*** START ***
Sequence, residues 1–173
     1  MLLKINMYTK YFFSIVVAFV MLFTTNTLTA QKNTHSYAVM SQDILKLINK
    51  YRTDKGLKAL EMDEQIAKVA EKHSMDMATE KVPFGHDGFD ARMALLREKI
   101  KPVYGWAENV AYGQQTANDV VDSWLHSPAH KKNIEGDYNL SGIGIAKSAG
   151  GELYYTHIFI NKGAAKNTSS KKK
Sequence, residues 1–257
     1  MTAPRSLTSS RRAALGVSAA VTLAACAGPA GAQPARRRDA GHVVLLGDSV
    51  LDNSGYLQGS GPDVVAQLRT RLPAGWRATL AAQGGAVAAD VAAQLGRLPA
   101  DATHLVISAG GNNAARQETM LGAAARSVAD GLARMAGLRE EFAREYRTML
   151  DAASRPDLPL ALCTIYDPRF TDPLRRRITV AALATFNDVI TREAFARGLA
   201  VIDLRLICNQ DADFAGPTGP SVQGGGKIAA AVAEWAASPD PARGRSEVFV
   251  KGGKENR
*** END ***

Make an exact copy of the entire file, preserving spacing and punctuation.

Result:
Sequence, residues 1–173
     1  MLLKINMYTK YFFSIVVAFV MLFTTNTLTA QKNTHSYAVM SQDILKLINK
    51  YRTDKGLKAL EMDEQIAKVA EKHSMDMATE KVPFGHDGFD ARMALLREKI
   101  KPVYGWAENV AYGQQTANDV VDSWLHSPAH KKNIEGDYNL SGIGIAKSAG
   151  GELYYTHIFI NKGAAKNTSS KKK
Sequence, residues 1–257
     1  MTAPRSLTSS RRAALGVSAA VTLAACAGPA GAQPARRRDA GHVVLLGDSV
    51  LDNSGYLQGS GPDVVAQLRT RLPAGWRATL AAQGGAVAAD VAAQLGRLPA
   101  DATHLVISAG GNNAARQETM LGAAARSVAD GLARMAGLRE EFAREYRTML
   151  DAASRPDLPL ALCTIYDPRF TDPLRRRITV AALATFNDVI TREAFARGLA
   201  VIDLRLICNQ DADFAGPTGP SVQGGGKIAA AVAEWAASPD PARGRSEVFV
   251  KGGKENR